Lexington County voters closed their wallets Tuesday to a penny-on-the-dollar sales tax mainly for road improvements but opened the way to buy beer by the six-pack and wine by the bottle on Sundays.
The tax increase was crushed 2-1 despite support from community and business leaders who called it vital to keep pace with steady growth.
“Lexington County voters are willing to wait for something more palatable to come along,” said R. J. Shealy, consultant for Citizens Against the Tax Increase.
The tax was earmarked to pay for at least $268.1 million in improvements for roads, water, sewer, drainage and other projects. The increase, to 8 cents from 7 cents, would have lasted eight years, with groceries and prescription medicine exempt.
Opponents attacked the plan as flawed. calling it a political Christmas spree for inclusion of a handful of walking paths, sports fields, civic centers and parks in communities where traffic isn’t a problem but facilities for families are lacking.
Tax supporters called for a fresh effort to develop a plan to reduce traffic congestion and make roads safer.
“We would hope that all elected public officials will work together to move forward with an alternative to fix our roads,” Lexington Penny for Pavement co-chairs Tiffany Boyce Heitzman and Earl McLeod said in a statement. “We simply cannot continue to kick the can down the road.”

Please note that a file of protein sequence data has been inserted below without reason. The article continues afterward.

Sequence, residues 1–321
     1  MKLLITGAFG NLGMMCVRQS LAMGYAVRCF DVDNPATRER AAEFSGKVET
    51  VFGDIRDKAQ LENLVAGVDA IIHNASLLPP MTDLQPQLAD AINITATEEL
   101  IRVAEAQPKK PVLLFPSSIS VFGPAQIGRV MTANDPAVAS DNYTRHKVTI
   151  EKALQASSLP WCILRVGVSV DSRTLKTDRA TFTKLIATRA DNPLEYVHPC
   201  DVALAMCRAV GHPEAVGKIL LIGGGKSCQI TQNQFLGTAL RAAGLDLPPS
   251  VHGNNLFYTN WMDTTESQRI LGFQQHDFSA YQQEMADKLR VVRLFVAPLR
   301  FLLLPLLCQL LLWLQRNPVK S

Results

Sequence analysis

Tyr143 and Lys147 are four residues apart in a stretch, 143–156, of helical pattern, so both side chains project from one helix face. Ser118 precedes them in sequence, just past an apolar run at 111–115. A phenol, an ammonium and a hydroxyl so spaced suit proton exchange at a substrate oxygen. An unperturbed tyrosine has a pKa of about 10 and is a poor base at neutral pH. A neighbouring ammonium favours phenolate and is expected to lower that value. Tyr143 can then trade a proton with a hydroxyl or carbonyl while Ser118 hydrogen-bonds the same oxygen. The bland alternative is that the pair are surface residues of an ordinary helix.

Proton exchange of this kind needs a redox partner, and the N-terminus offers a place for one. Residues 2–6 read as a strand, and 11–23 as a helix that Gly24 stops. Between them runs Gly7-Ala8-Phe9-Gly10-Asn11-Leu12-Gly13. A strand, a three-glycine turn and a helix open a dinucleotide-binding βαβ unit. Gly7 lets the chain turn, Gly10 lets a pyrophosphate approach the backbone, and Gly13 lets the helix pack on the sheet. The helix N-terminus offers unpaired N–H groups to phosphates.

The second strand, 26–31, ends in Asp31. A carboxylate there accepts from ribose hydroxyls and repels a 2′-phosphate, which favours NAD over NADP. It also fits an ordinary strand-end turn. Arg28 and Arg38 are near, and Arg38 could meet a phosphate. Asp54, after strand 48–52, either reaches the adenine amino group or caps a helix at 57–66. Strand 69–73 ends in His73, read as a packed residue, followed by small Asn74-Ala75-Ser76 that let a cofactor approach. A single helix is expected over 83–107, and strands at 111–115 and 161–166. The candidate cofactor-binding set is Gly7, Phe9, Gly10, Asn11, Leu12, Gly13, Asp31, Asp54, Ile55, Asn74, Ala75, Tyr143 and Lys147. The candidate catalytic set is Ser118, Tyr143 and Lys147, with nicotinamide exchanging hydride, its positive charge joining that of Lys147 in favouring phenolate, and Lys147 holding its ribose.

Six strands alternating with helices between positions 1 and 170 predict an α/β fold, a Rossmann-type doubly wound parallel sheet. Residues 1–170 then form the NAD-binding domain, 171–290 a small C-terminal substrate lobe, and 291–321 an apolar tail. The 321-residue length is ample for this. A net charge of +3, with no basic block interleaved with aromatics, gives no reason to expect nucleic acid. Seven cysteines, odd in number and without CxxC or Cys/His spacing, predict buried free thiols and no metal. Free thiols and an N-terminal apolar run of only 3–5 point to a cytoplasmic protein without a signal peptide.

That challenge was accepted by newly elected County Councilman Ned Tolar of West Columbia, an opponent of the plan that was defeated.
He wants to develop a scaled-back version devoted to roads and possibly a few water, sewer and drainage projects.
Projects in the new plan likely will differ from the one rejected at Tuesday’s ballot and may be only for a half-cent increase, he said.
“We need to go back to square one and come up with something that makes better sense,” Tolar said. “I can’t say what it will be.”
A focus on fixing roads “is the one thing that everybody seem to support,” Shealy said.
It was the first countywide ballot on a sales tax since 2004 when a penny-on-the-dollar increase for schools was approved in exchange for a property tax break.
The push for the new tax divided Republicans who dominate county politics, pitting business leaders against anti-tax and Tea Party elements.
On other ballot measures:
• Sunday sales of beer and wine by the package may start as soon as mid-November in some stores.
State revenue officials must review applications – a process that generally takes a week or so – once election officials finish rechecking the ballot outcome in a few days.
“Certainly, retailers will be applying as quickly as possible,” said Tony Denny of the South Carolina Retail Association. “They’ll be ready to roll.”
Approval of the sales countywide supersedes a similar ballot in Cayce that city officials held as a backup.
• Chapin Mayor Skip Wilson won a showdown with rebellious Town Council members as a proposal to dilute his power lost. The outcome is a message for town leaders to end conflict, he said.
“I am committed to doing my part to work with everyone,” Wilson said.
A similar change was rejected in 2000.